A review of studies going back as far as 1981 shows that using genetic tests to diagnose and treat breast cancer helps save money, but with most research based on modeling, it's time for more support to gather data from real-world settings.
FOR IMMEDIATE RELEASE DECEMBER 19, 2013
AJMC: Genetic Testing in Breast Cancer Has Economic Benefits, but More Real-World Studies Would Bolster the Case
PLAINSBORO, N.J. — A review of studies going back as far as 1981 shows that using genetic tests to diagnose and treat breast cancer helps save money, but with most research based on modeling, it’s time for more support to gather data from real-world settings. (For the article, see contact below.)
Robert D. Lieberthal, PhD, representing the Jefferson Population Health Continuing Professional Education Collaborative, writes in the forthcoming issue of The American Journal of Managed Care that for multiple reasons, most research on the economic value of genetic testing in breast cancer relies on modeling rather than translational research. Models have merit but they also have limits, Leiberthal writes; with breast cancer costing the nation $13.9 billion a year, it’s time for the nation’s insurers and other payers of health care to demand financial support for gathering data from “real-world” settings.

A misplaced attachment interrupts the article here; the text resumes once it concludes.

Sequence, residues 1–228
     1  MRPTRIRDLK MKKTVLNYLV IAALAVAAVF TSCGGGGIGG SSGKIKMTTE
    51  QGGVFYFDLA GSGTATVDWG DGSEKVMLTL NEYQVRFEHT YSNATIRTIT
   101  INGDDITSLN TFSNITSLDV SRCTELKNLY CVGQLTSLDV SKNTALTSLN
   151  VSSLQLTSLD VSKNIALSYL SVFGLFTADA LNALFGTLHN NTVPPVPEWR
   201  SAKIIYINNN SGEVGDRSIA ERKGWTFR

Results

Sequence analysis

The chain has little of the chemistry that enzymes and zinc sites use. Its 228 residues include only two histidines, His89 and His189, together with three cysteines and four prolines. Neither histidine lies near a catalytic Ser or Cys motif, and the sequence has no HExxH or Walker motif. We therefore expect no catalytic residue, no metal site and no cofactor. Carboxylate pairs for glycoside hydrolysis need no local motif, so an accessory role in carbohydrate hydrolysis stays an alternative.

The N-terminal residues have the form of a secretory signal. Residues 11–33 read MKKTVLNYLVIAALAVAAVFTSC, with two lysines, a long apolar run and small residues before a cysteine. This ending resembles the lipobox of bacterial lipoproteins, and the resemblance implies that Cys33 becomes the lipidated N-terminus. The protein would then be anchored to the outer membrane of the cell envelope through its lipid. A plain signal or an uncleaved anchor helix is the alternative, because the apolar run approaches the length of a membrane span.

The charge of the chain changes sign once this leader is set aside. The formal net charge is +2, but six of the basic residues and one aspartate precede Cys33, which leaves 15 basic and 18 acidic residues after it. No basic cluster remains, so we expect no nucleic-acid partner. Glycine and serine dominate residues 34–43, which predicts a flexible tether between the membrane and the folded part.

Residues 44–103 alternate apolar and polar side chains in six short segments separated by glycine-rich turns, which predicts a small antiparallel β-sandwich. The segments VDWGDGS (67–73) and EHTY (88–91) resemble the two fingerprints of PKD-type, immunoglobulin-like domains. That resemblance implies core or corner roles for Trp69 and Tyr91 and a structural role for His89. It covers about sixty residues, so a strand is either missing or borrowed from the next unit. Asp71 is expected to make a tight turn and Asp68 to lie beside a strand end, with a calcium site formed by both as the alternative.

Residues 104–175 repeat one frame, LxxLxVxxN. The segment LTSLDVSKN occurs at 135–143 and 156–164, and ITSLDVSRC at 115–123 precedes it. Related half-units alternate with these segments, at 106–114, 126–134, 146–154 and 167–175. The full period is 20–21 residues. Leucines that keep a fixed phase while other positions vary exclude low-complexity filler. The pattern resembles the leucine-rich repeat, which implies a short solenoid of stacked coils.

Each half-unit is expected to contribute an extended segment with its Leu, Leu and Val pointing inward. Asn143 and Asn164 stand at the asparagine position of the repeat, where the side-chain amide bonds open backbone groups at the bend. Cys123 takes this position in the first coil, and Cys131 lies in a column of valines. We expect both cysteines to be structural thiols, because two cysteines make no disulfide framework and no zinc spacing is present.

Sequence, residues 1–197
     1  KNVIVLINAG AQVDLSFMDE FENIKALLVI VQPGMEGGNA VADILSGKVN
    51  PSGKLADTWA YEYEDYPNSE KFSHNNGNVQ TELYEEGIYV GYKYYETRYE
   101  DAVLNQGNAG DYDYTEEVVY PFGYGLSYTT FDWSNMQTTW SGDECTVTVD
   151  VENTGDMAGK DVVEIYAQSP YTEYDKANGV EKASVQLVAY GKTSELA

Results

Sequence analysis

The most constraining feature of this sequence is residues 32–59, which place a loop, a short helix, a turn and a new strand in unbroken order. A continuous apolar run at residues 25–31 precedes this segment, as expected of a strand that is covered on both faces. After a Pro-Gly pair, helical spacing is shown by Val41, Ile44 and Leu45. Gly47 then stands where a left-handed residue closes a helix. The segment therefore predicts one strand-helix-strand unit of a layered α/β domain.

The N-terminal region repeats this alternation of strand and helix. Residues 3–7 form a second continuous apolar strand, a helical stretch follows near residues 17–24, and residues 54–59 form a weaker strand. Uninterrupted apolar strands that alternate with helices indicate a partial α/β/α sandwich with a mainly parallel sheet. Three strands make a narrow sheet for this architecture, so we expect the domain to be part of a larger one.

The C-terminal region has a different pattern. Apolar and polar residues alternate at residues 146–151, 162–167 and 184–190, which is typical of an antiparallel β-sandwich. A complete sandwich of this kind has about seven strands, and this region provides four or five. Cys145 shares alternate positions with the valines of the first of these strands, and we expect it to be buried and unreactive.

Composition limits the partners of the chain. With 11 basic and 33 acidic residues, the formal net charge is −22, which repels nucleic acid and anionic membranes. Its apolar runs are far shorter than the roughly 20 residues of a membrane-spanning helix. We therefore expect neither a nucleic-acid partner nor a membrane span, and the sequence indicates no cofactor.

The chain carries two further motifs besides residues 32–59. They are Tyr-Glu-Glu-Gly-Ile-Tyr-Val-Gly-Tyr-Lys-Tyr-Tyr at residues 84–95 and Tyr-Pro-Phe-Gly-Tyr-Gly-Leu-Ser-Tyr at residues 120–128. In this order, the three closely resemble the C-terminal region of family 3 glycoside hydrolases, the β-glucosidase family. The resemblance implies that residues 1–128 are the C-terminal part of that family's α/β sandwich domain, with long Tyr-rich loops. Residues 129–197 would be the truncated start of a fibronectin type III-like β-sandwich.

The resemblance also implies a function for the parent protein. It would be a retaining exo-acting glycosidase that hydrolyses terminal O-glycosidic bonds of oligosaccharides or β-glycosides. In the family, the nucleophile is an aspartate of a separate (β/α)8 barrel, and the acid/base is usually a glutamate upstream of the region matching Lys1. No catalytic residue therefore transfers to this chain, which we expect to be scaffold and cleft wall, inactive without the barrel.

Lieberthal’s article, “Economics of Genetic Testing for Breast Cancer,” cast a wide net to review available research on whether the cost of genetic tests — which average about $3,400 – are outweighed by the economic benefits of their use. The rise of specialized medicine allows clinicians to tailor treatment to the specifics of a woman’s breast cancer. This results in fewer adverse events, which can require their own treatment or hospitalization. One study pegged the cost of such events at $2,000 per patient, and that’s not counting the toll for those who suffer nausea or hair loss from being overmedicated.
More importantly, genetic tests can reveal which women need ongoing therapy after an initial bout of cancer to keep it from returning, and tests can determine what that treatment should be.
Lieberthal’s call for more “real-world” research on the economic benefits of testing gets to the heart of the quandary in medicine: Payers don’t want to cover tests or treatments that are unproven, but unless patients receive treatment, that proof is hard to come by. “The cooperation of multiple stakeholders will be essential if genomic medicine is to reach its full potential,” Leiberthal writes. “The barrier to progress for genomic medicine is the lack of empirical evidence for the clinical utility and value of genomic testing.” Thus, support for real-world studies, from either public or private sources, could not only increase the likelihood that insurers will pay for tests, but also improve the use of testing over time.
FOR INFORMATION CONTACT: Nicole Beagin or Mary Caffrey (609) 716-7777 x. 131 or 144